Culinary Arts

What Is Garam Masala? Homemade Garam Masala Spice Blend Recipe and How to Cook With Garam Masala

Written by MasterClass

May 9, 2019 • 2 min read

Making your own garam masala spice blend can feel like an extra step in cooking, but it can make the difference between a bland tasting chicken curry and one that is ultra flavorful—giving your dish that extra oomph. Store-bought versions have usually lost their flavor while sitting on shelves, which makes garam masala a spice blend that is worth making at home.


What Is Garam Masala?

Garam masala is a spice blend widely used in Indian cuisine, from curries and lentil dishes to soups. The whole spices of cinnamon, mace, peppercorns, coriander seeds, cumin seeds, and cardamon pods are typically toasted in a pan to release their aromatic flavors, then ground to a powder. The name for this blend translates to “warming spices,” meant to warm the body and increase metabolism.

What Does Garam Masala Taste Like?

Garam masala is a complex medley of spices including sweet cinnamon, spicy heat from peppercorns, tanginess from coriander, earthy cumin, and fragrant cardamom. There is no single garam masala recipe, rather the ingredients change according to region and cook. In Northern India, garam masala will be aromatic and mild, while the farther south you travel in India, the hotter the spices will become.

Where Does Garam Masala Come From?

The most common type of garam masala originated from Northern India, where cold winters called for spices with a warming quality. The spice is used in most regions of India as well as in Pakistan and Iran.

What Spices Are in Garam Masala?

Garam Masala is a blend of spices containing:

  • Cinnamon sticks
  • Green cardamom pods
  • Black peppercorns
  • Coriander seeds
  • Cumin seeds
  • Mace (a relative of nutmeg)
  • Bay leaves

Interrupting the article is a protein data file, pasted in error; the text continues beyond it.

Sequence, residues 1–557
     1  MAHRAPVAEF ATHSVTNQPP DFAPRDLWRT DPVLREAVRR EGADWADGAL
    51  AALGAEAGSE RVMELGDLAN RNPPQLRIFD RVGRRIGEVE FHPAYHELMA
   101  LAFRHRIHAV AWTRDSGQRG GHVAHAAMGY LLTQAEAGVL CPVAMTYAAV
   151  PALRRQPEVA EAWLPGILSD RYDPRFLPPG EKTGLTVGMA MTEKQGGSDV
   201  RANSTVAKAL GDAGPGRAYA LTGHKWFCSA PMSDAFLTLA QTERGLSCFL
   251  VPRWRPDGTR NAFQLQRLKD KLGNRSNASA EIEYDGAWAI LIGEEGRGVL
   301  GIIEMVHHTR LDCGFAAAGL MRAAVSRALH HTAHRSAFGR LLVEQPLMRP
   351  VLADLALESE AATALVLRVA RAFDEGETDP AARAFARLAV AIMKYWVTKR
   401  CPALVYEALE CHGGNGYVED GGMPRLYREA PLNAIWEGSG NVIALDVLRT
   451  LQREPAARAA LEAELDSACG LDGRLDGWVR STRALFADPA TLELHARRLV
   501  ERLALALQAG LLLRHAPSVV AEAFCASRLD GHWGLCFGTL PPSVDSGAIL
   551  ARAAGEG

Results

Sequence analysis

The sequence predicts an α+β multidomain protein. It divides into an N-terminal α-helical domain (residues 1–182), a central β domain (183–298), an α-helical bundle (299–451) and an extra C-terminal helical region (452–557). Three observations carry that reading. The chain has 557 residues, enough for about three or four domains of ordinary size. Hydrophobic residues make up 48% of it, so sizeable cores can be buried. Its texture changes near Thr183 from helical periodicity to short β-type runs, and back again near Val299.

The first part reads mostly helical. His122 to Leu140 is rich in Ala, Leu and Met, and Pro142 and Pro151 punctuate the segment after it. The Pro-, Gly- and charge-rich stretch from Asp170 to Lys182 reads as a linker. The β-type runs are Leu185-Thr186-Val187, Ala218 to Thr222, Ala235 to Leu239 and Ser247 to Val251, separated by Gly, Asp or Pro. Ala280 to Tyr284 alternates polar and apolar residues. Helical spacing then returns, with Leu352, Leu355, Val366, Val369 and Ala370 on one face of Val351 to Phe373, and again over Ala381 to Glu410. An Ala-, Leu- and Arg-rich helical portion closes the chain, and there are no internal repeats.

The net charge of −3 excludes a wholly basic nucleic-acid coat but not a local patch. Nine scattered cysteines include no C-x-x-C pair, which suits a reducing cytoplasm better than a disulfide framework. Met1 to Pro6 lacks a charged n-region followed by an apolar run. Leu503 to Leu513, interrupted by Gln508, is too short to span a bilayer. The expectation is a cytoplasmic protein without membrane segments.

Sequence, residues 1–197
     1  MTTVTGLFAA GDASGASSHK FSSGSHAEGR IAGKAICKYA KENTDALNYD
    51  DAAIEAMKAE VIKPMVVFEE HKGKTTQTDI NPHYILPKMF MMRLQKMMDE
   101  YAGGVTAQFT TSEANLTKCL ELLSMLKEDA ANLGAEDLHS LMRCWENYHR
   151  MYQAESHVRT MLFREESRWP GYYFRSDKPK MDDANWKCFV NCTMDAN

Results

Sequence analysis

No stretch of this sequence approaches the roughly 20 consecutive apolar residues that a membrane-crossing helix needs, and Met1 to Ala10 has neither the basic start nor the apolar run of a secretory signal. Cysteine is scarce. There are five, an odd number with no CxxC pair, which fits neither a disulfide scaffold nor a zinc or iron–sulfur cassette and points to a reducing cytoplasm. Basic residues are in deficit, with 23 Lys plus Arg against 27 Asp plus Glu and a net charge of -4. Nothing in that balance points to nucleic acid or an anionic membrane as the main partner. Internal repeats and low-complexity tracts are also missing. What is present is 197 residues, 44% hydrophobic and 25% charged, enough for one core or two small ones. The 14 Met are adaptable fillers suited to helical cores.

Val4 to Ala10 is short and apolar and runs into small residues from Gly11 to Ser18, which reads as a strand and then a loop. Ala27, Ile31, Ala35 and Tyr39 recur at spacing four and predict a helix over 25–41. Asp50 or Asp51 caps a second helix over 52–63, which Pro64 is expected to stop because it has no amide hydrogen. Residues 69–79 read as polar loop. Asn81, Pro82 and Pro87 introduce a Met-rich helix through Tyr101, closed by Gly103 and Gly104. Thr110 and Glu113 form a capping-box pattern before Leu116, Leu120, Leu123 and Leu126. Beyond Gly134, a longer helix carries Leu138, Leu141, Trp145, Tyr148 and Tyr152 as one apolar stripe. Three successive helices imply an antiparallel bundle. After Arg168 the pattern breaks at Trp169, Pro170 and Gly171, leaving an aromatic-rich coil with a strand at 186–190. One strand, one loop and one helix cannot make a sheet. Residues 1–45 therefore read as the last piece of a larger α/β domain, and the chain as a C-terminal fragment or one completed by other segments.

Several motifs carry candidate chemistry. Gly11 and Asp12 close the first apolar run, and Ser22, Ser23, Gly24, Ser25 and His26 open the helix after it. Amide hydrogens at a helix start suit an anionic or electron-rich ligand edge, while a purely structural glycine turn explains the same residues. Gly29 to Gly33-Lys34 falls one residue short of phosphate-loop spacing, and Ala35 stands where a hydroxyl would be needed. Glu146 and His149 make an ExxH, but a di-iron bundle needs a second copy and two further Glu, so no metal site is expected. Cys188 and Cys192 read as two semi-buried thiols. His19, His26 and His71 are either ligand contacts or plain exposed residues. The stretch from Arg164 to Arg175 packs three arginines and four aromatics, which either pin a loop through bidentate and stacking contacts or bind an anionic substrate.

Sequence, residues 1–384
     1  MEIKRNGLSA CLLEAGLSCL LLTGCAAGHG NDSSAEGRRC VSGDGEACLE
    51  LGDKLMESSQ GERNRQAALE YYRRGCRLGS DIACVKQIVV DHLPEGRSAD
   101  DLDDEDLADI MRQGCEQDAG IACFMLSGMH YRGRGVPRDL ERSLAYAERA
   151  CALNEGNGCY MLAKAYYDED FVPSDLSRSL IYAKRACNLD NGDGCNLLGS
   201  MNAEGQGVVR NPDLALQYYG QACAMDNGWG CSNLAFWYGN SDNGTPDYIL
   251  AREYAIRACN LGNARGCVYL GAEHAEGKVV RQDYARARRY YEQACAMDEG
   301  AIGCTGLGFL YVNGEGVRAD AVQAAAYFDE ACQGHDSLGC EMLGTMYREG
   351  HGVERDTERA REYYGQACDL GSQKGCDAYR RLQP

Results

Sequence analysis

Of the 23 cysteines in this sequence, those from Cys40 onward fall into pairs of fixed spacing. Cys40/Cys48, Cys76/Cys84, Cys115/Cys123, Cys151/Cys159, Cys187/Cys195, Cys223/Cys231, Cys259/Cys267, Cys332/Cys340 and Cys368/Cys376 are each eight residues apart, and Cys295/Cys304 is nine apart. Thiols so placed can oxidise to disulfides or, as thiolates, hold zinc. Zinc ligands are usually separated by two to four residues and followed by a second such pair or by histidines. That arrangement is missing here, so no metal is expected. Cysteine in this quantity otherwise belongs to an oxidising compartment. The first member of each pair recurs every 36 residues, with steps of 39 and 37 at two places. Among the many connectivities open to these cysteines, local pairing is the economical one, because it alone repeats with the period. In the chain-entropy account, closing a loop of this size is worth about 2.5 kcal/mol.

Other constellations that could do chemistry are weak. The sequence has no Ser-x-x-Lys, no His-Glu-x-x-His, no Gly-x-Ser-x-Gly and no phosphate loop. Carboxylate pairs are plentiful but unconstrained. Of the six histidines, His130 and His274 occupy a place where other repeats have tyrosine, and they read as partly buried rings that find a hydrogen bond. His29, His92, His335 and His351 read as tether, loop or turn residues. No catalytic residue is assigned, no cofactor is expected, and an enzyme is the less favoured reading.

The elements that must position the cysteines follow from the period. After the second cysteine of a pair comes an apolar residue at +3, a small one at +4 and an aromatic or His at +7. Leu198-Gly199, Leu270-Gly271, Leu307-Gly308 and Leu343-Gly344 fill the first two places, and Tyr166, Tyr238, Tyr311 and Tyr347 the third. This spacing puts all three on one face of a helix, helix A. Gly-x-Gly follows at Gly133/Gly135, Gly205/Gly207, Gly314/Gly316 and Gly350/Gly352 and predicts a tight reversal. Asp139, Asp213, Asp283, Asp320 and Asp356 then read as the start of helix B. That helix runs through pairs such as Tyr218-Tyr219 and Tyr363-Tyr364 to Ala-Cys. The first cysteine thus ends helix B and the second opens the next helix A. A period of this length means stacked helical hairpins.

Garam Masala vs. Curry Powder: What’s the Difference?

Both garam masala and curry powder are used to add flavor and color to dishes. One of the biggest differences between the two is that garam masala doesn’t contain tumeric, which is one of the main ingredients in curry powder, imbuing dishes with a yellow hue. Garam masala is usually used as a final seasoning in a dish, stirred in at the end of the cooking time, while curry powder is used earlier in the process.

3 Common Substitutes for Garam Masala

If you’re short on all the spices that go into making garam masala, try these substitutes instead:

  1. Curry powder: Use curry powder as a substitute, swapping garam masala entirely in your recipe. You won’t get the same warming spices, but the flavor of curry powder will work well in most Indian dishes.
  2. Allspice and Cumin: Combine 4 parts ground cumin with 1 part allspice, for an easy substitute when you’re in a hurry.
  3. Chaat Masala: Try using chaat masala as a substitute. It’s another Indian spice mix that contains amchoor, cumin, coriander, ginger, black pepper, asafoetida, salt, and chili. Use it in smaller quantities, adding slowly to make sure the spice doesn’t overpower your dish.

3 Recipes With Garam Masala

  • Chana masala. Chana masala is an Indian vegetarian stew featuring creamy chickpeas cooked in a fragrant and spicy tomato sauce anchored by a blend of spices called garam masala. Find the recipe here.
  • Chicken tikka masala. Chicken tikka masala is a popular Indian dish featuring tender, spice-marinated roasted chicken in a creamy curry sauce. Find the recipe here.
  • Indian butter chicken. Indian butter chicken is pieces of tandoori chicken cooked in a tangy, velveteen tomato paste or tomato sauce. Find the recipe here.

Homemade Garam Masala Spice Mix

Prep Time
5 min
Total Time
15 min
  • 3-inch cinnamon stick, broken up
  • 2 tablespoons black peppercorns
  • 2 tablespoons green cardamom seeds, removed from green pods
  • 3 tablespoons coriander seeds
  • 2 tablespoons cumin seeds
  • 1 teaspoon ground mace (or grated nutmeg)
  • 1 bay leaf
  1. Heat a skillet over medium-high heat and toast the cinnamon, peppercorns, and cardamom, coriander, and cumin seeds for about 10 minutes, stirring often until fragrant and toasted. Let cool.
  2. Combine with remaining spices and grind in a spice or coffee grinder. Let cool, then store in an airtight container.